Tim Powers: Salvage and Demolition

Time travel stories are notoriously tricky to get right. Doctor Who and its multiple versions of the destruction of Atlantis aside (it’s the pre-Eccleston stuff. Go back and check. I’ll wait) there are a nigh-infinite number of ways the aspiring time travel fictioneer can stumble over their own conceit. Unintentional paradox, feedback loops, unresolved plot holes or just plain overcomplication – all of these can derail a time travel plotline thoroughly and absolutely. A single misstep brings the entire edifice down.

But when Tim Powers takes the wheel, none of these concerns apply. A past master of the time travel story since The Anubis Gates, Powers simply understands the nuances of time travel fiction better than perhaps any other living science fiction writer. And he brings all of his considerable knowledge and talents to bear on Salvage and Demolition, a genuinely sweet novella about a cult’s attempt to resurrect an ancient Sumerian death god through poetry translation.

The hero, give or take, of the endeavor is one Richard Blanzac, a Bay-area dealer in rare books who buys the effects of a long-deceased minor poet from the woman’s niece. Said poet, the little-known Sophie Greenwald, died years ago, and her possessions – a few autographed first editions, a strange manuscript, an Ace Double science fiction novel, and a bunch of cigarette butts – are intriguing. But when Sophie’s literary executor – the woman who’s kept her work out of print for decades – demands the return of the manuscript and a mysterious man pursues Blanzac – and the pages – things take a turn for the strange.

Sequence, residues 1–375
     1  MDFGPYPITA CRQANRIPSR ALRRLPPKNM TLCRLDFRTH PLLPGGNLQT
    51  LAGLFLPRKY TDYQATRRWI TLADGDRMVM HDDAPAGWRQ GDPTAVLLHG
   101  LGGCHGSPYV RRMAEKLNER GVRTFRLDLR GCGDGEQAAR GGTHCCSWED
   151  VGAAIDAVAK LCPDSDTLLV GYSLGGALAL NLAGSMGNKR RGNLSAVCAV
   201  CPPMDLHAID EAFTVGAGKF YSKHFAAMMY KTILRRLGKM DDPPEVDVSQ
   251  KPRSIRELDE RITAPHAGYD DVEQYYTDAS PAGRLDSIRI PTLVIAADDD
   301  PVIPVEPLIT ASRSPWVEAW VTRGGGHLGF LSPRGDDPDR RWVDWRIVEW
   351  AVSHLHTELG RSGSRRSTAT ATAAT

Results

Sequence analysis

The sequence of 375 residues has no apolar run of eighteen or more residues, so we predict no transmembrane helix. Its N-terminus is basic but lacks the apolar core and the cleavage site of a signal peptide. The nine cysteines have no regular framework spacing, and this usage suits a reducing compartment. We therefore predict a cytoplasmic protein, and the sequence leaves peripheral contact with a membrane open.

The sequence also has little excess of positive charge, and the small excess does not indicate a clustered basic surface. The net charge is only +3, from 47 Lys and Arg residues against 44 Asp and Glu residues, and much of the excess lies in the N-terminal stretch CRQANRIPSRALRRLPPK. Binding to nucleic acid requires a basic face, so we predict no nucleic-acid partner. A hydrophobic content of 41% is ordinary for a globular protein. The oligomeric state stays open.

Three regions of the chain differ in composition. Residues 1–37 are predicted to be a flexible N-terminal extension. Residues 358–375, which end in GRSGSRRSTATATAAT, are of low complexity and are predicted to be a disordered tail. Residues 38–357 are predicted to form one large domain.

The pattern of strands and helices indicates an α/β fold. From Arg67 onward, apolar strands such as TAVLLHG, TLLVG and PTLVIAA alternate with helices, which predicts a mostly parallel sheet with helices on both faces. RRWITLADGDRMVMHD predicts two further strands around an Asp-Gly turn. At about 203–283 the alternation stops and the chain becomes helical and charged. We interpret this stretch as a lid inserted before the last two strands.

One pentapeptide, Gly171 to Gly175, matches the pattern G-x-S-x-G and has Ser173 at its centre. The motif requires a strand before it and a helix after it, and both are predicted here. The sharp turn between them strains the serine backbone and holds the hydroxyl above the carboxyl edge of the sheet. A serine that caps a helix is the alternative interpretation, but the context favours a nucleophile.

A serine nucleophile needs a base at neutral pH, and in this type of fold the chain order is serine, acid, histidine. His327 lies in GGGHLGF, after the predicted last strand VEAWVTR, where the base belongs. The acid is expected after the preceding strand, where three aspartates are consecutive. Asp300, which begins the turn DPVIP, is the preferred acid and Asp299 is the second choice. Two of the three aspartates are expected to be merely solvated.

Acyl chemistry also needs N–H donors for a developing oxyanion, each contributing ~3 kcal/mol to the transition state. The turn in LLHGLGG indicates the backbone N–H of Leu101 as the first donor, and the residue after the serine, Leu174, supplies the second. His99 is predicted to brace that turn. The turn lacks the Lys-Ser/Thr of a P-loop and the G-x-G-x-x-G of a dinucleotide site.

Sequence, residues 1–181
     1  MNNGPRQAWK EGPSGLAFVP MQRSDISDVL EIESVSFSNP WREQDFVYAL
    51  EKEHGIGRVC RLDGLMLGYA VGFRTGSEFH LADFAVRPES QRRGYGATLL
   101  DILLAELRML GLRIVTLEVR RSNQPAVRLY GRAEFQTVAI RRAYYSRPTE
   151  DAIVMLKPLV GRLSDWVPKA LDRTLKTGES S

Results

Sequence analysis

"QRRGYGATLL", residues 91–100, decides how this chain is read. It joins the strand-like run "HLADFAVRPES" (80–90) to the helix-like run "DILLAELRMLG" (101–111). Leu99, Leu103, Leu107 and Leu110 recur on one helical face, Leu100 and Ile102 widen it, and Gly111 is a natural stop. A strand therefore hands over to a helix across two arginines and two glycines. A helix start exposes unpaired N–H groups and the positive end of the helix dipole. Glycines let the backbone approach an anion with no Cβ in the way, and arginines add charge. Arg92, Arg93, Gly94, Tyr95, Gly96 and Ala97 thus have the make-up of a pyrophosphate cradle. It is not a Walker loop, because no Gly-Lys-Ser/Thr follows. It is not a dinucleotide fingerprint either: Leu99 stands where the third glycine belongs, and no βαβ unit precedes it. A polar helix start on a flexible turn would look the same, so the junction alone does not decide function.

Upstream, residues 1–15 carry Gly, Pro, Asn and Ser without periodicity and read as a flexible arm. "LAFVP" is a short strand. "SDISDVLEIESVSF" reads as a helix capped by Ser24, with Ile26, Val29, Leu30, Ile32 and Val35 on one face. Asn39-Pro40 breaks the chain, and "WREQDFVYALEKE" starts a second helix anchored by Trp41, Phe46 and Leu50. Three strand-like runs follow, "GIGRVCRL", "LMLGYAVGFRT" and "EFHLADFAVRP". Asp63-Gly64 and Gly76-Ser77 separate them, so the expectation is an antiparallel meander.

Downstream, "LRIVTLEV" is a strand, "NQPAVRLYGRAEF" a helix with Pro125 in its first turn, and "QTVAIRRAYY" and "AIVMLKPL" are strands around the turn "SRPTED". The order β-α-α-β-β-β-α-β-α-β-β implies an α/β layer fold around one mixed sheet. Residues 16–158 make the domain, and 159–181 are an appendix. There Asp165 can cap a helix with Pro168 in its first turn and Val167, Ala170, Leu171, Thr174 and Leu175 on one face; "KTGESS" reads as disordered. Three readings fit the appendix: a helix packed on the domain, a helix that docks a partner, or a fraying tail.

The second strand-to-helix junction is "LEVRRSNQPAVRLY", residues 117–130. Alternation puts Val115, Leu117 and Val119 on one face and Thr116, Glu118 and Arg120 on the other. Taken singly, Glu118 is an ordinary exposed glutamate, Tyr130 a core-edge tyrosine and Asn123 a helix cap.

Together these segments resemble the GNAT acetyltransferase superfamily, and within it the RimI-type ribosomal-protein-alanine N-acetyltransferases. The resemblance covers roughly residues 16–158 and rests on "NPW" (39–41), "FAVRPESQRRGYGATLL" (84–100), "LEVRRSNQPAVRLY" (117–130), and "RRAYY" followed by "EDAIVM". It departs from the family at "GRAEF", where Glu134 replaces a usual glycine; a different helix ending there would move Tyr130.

Or, more accurately, things take a turn for the Powers, as Blanzac suddenly finds himself in 1957, face to face with the mysterious Sophie Greenwald herself. Sophie has a problem, in that she’s been hired to translate a poem of unimaginable destructive power, and the people who hired her want the manuscript she’s produced. And Sophie is a problem, in that she’s somehow already met Blanzac, and knows more about what he’s doing there than he does.

The pleasures of this slender volume – 21000 words – are manifold. The banter between Sophie and Richard is snappy as hell. The plotting of the various time travel loops is airlessly tight and effortlessly elegant. And the style is elegant and clean, sweeping the reader along to where it becomes impossible to put the book down. This is a read-in-one-sitting gem, in part because of its length and in part because it’s so damn addictive. The illustrations, by J.K. Potter, are a matter of taste, based largely one one’s tolerance for Photoshop, but at worst they don’t detract from the propulsive narrative. Salvage and Demolition is quintessential Powers, pure evidence of a master working in his wheelhouse again.

(Subterranean, 2012)

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